Getting on:

Image via Flickriver
  • Have payment ready BEFORE getting on the bus. Don’t be that person to hold up the line!
  • Be at your stop at least five minutes before. This is commonly suggested by bus drivers, manuals, websites, etc. Trust me, it’s not a tip you will want to skip. Times shown are only an estimate, and so you never know when the bus will come early. Not all drivers will wait to depart.
  • Make sure you are on the right side of the road. Buses often have stops at the same intersection, but obviously going in different directions. Ending up in Shoreline when you meant to go to Everett? Not fun.
Image/video by Caitsith810 via YouTube
  • Double check the bus you’re getting on. The route number and destination are digitally printed on both the side and front of the bus, so make sure it’s exactly what you’re looking for before you leave on it. If uncertain, ask the driver!

During the ride:

Image via Tulsa Transit
  • Only take one seat. No one likes the person taking up two seats on a full bus, so keep your belongings either on your lap or on the floor. Not only does this prevent valuables from being potentially stolen, but others getting on the bus will appreciate that they won’t have to ask for you to move your things in order to sit.
  • Refrain from long, personal phone conversations. These are irritating, and it’s helpful (and somewhat worrying) to assume that everyone on the bus has nothing better to do than listen to every word during the ride. Of course, if you need to take a call, then take it; but try to keep it as short and quiet as possible.
  • Be respectful to your fellow commuters. They’re all like you in just trying to get to their destination pain-free. Respect includes taking only one seat, talking quietly on the phone or with a friend, giving up your seat to a senior, etc.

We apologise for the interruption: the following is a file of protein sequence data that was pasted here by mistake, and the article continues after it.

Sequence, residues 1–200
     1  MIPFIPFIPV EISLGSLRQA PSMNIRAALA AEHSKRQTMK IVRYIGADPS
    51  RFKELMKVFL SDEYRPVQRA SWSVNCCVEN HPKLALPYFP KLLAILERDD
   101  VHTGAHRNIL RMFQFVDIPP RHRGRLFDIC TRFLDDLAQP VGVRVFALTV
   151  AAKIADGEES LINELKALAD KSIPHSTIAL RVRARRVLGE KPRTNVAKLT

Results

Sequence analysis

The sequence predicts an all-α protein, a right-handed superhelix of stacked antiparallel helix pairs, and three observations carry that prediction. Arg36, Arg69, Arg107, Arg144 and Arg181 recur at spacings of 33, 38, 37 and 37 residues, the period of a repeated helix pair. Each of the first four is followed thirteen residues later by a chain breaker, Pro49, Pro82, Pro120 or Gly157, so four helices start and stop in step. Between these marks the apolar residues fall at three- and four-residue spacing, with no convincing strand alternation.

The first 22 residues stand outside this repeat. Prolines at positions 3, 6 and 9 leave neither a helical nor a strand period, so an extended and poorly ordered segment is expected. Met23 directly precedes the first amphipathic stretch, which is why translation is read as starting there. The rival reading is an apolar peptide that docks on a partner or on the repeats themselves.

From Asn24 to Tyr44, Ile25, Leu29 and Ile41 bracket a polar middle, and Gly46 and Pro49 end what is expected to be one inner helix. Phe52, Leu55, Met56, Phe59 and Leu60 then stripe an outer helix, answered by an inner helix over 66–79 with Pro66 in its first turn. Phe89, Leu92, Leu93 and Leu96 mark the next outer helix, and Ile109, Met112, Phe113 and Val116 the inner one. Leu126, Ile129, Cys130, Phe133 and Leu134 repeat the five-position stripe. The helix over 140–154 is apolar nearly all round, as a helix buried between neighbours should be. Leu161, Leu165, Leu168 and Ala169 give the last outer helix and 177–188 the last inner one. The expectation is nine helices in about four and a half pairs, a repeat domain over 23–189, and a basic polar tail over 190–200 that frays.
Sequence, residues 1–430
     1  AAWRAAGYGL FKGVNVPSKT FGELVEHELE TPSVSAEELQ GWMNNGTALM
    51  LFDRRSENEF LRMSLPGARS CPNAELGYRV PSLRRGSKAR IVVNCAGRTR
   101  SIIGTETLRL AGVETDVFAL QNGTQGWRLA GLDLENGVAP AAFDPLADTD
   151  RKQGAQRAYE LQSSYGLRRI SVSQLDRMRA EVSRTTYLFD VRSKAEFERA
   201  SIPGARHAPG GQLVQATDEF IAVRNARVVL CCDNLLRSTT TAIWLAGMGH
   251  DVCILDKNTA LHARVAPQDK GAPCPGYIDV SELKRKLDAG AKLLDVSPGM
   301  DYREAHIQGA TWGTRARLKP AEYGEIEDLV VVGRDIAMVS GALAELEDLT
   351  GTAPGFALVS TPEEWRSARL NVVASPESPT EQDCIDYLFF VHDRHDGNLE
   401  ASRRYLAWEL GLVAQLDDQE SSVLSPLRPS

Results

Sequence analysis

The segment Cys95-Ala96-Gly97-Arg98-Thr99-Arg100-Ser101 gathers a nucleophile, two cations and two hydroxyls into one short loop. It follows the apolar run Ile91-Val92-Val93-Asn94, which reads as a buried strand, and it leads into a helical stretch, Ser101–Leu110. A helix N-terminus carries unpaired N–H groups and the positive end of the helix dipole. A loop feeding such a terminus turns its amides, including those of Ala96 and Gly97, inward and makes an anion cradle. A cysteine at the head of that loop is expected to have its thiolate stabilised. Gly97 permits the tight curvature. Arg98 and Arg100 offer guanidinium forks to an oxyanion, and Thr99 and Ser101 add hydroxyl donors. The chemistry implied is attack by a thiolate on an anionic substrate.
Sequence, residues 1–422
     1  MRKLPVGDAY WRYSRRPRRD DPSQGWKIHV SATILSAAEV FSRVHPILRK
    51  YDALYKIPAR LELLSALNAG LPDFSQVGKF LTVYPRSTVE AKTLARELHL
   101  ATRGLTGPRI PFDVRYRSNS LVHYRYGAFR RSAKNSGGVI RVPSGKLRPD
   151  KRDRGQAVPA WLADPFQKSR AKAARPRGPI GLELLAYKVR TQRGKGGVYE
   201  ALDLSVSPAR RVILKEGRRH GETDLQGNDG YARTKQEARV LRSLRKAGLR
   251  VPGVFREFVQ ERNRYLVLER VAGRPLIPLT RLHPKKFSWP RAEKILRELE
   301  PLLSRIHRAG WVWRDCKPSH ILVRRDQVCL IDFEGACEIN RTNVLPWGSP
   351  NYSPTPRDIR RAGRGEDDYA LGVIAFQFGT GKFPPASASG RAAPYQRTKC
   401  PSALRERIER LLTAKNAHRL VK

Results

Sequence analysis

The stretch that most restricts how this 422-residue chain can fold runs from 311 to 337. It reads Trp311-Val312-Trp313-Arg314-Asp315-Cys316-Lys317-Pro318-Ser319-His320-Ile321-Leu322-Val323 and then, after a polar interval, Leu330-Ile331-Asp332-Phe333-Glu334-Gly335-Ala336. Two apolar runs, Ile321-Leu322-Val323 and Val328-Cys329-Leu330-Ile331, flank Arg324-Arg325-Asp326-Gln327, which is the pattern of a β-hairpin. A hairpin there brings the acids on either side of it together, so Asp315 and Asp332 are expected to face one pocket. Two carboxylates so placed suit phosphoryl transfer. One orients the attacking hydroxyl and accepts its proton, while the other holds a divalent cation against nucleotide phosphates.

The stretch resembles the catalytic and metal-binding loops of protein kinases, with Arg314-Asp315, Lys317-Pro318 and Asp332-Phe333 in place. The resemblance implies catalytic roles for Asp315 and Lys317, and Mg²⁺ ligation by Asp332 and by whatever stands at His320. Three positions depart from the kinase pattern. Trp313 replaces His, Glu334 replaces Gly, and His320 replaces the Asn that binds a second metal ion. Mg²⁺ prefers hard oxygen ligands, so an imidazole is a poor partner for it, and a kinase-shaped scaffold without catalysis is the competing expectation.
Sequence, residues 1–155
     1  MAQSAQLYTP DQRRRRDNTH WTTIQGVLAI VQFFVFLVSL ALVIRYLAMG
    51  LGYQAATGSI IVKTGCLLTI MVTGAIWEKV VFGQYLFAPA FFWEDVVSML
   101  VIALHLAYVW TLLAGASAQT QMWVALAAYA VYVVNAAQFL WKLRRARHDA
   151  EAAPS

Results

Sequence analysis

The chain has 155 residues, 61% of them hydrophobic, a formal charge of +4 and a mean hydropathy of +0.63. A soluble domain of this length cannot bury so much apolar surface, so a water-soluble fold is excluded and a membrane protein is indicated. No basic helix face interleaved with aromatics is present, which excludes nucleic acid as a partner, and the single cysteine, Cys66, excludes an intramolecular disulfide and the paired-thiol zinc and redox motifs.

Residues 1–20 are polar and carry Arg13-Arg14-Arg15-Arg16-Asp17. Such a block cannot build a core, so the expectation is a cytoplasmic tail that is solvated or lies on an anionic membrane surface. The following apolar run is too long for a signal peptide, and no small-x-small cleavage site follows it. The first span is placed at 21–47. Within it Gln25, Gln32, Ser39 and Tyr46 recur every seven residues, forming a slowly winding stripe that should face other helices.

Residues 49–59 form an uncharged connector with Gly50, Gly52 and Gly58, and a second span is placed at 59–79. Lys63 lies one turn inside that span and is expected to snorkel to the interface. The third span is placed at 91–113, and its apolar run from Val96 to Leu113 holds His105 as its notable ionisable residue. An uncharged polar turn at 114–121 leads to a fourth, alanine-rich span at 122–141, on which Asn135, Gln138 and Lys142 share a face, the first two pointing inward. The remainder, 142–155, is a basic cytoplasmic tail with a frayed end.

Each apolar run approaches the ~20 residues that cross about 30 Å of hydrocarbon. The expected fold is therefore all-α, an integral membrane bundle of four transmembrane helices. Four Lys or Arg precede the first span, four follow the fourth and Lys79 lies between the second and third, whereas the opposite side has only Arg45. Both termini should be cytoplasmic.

• DO NOT fall asleep on the bus. A forty minute bus ride right before your 8am class may sound like the perfect opportunity for a nap, but beware: a missed stop can potentially cost you time and money. Plus, one of the scariest feelings is not knowing where you are when you wake up.
    • Instead of spending the ride snoozing, take the time to study or read a book! I’ve been making my way through A Game of Thrones during my commutes.
Image via Extrovert Diary

If this list of tips for riding the bus scared rather than consoled, seriously, don’t worry. Practice makes perfect, and it’s not as scary as it seems. All of these tips come from personal experience (aka hundreds accounts of falling asleep, missing a stop, getting on the wrong bus) and here I am: perfectly okay and still a frequent rider. Follow these tips, and you will be too!

If that’s not enough to convince, keep in mind that you will no longer have to deal with driving through traffic and parking.

Happy bussing!


One thought on “Tips for Bussing to Campus